7. Drugs with the highest spending experienced significant price increases in 2014 and 2015
  8. Drugs with the highest price increases between 2013 and 2015 also experienced significant spending increases

This study examines trends in inpatient drug spending for hospitals nationwide in order to determine the quantitative impact and to discover how such changes may have impacted hospitals’ ability to manage costs. The conclusions drawn from this study by the NORC investigators were that4:

  1. Drug spending in the hospital inpatient setting is quickly increasing. Growth in annual inpatient drug spending between FY2013 and FY2015 increased on average 23.4 percent, and on a per admission basis, 38.6 percent. Growth in spending in the inpatient setting exceeded the growth in retail spending, which increased 9.9 percent during this period. In contrast, CMS’s update to hospital rates through the IPPS increased by only 2.7 percent. Large and unpredictable increases in the price of drugs used in the inpatient setting significantly impacted hospitals’ ability to manage costs within a fixed price based payment system.
  2. Many of the sampled drugs that accounted for a substantial proportion of total inpatient drug spending experienced dramatic unit price increases in CY2014 and CY2015. In most cases, the identified top ten drugs were not new entrants.23 About half of the 28 drugs had no active generic competition, leaving hospitals no lower cost alternatives. For most of the drugs, growth in unit price – not volume – was primarily responsible for the increase in total inpatient drug spending.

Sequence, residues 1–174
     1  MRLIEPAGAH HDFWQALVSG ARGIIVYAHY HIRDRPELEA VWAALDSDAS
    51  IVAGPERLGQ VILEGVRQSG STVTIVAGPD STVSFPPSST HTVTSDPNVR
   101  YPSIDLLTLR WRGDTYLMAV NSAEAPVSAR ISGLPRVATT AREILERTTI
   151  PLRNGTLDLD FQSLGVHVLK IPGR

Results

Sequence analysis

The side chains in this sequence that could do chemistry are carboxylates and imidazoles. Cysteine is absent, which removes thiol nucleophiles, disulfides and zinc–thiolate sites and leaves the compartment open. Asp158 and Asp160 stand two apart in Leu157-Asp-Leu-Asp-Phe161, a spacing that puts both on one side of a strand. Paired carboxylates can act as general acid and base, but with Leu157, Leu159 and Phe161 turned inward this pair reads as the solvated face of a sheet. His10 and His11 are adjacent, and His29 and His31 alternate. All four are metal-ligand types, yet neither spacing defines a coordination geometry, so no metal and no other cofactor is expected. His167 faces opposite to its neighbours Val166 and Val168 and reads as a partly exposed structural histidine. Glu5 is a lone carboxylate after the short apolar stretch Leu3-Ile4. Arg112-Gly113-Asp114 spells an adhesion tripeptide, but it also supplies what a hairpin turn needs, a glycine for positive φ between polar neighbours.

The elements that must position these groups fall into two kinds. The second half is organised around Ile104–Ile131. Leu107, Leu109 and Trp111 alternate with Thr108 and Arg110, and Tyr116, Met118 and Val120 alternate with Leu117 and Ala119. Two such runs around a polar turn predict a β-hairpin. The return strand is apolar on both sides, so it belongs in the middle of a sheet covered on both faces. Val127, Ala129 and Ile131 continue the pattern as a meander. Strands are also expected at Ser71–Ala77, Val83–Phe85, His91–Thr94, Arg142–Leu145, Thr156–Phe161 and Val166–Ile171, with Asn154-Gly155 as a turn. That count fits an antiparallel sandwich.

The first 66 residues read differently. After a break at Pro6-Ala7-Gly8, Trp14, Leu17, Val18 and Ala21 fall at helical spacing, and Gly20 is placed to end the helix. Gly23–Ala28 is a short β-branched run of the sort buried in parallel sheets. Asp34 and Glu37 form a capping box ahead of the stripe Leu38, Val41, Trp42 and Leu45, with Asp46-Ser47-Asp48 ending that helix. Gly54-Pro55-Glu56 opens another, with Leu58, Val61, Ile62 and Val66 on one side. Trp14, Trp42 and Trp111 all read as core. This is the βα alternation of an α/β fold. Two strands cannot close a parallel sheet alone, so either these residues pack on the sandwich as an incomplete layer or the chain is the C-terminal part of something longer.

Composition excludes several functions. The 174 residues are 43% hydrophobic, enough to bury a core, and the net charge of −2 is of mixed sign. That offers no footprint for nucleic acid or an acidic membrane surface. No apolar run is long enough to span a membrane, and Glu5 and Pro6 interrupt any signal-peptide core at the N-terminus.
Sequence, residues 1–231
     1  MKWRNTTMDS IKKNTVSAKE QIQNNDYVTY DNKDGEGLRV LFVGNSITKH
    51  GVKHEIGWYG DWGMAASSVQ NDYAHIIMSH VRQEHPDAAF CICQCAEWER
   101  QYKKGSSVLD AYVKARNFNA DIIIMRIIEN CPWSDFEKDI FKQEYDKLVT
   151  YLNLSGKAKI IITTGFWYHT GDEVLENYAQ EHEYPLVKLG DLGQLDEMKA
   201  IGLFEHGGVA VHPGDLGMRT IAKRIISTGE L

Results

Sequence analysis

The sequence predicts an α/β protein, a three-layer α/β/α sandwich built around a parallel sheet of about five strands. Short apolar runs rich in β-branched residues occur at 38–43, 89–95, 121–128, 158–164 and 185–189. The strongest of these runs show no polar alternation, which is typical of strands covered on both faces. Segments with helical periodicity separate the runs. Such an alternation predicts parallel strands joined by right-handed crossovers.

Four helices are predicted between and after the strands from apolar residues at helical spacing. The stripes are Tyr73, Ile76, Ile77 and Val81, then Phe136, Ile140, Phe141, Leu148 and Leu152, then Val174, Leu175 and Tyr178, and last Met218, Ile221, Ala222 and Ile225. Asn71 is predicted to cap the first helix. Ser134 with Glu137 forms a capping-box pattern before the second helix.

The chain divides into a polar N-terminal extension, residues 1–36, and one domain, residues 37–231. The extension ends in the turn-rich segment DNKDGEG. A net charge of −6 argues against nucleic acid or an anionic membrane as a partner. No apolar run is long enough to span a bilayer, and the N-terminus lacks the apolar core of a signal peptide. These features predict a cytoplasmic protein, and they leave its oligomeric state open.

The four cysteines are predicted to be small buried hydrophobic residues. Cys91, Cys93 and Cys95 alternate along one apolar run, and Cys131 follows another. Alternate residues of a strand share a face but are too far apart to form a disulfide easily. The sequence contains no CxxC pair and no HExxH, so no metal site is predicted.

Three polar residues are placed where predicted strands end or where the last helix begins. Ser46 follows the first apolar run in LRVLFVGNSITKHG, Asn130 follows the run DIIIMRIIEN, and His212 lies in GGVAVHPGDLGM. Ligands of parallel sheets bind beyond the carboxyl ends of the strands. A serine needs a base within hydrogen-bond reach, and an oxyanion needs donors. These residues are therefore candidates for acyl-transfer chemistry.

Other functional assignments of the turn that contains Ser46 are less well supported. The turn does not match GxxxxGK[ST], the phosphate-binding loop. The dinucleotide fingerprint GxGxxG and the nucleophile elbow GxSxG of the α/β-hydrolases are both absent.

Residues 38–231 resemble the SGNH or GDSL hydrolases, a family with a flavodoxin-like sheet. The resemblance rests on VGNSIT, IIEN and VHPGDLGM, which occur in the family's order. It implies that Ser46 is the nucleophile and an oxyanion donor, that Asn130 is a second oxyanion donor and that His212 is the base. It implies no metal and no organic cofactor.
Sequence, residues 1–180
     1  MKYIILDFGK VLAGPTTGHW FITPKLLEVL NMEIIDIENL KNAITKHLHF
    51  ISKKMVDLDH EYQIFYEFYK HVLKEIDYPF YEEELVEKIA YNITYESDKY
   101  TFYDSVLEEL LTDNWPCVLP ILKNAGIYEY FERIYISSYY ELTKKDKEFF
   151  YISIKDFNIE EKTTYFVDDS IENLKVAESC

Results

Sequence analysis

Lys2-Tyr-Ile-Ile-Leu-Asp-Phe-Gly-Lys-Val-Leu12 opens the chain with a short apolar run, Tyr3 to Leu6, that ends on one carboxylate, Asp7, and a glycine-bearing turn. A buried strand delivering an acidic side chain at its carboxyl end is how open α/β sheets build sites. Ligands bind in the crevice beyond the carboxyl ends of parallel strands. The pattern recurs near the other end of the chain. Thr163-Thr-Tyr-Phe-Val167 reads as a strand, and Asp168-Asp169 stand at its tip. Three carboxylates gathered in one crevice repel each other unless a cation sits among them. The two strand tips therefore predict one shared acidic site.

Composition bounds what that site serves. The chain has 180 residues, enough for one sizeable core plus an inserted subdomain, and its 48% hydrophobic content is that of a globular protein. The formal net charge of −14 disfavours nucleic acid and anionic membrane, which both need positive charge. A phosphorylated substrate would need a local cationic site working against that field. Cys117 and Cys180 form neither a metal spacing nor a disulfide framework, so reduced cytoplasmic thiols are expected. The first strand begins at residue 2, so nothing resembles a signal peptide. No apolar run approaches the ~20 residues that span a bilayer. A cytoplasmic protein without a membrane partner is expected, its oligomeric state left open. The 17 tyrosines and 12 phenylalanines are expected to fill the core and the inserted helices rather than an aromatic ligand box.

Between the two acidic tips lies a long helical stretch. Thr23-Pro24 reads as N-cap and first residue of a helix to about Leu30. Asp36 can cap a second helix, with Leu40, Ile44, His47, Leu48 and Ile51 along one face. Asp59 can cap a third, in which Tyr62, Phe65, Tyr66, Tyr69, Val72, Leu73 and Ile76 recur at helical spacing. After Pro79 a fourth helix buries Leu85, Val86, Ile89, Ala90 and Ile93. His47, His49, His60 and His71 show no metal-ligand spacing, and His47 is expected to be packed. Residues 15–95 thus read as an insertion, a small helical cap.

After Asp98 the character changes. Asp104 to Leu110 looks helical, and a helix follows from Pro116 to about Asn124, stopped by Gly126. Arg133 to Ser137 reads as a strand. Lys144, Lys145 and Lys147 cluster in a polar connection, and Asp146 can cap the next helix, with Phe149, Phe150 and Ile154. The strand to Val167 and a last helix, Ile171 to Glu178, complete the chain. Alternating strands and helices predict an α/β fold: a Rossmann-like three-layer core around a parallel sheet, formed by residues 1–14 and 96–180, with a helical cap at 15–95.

3. Stakeholder interviews suggest that significant budgetary accommodations are needed to keep up with rising drug prices. Most of those interviewed raised concerns about older generic drugs whose prices have increased unpredictably and the lack of alternatives available in order to provide high quality care to their patients.

It is readily evident from this recently released report that vigilant efforts by pharmacy directors and administrators, financial officers and hospital executives must keep a vigilant eye on drug costs within their organizations in an attempt to maintain financial stability in order to continue to give the highest quality care possible to their patients. Drug pricing and its heavy burden to healthcare institutions is likely to be one of the greatest threats to ensuring continued quality care and operational functionality of healthcare institutions. It appears paramount that pharmacy management and hospital administrators pay close attention to rising pharmacy budgets and take whatever steps necessary to find drug costs savings and maximize proper drug utilization within their institutions.

Readers of this blog are especially encouraged to read the complete NORC report just released to gain the full perspective of its findings and the implications to pharmacy directors, hospital administrators, hospital executives and others in the healthcare delivery system. The complete NORC report can be found by clicking on Link #4 below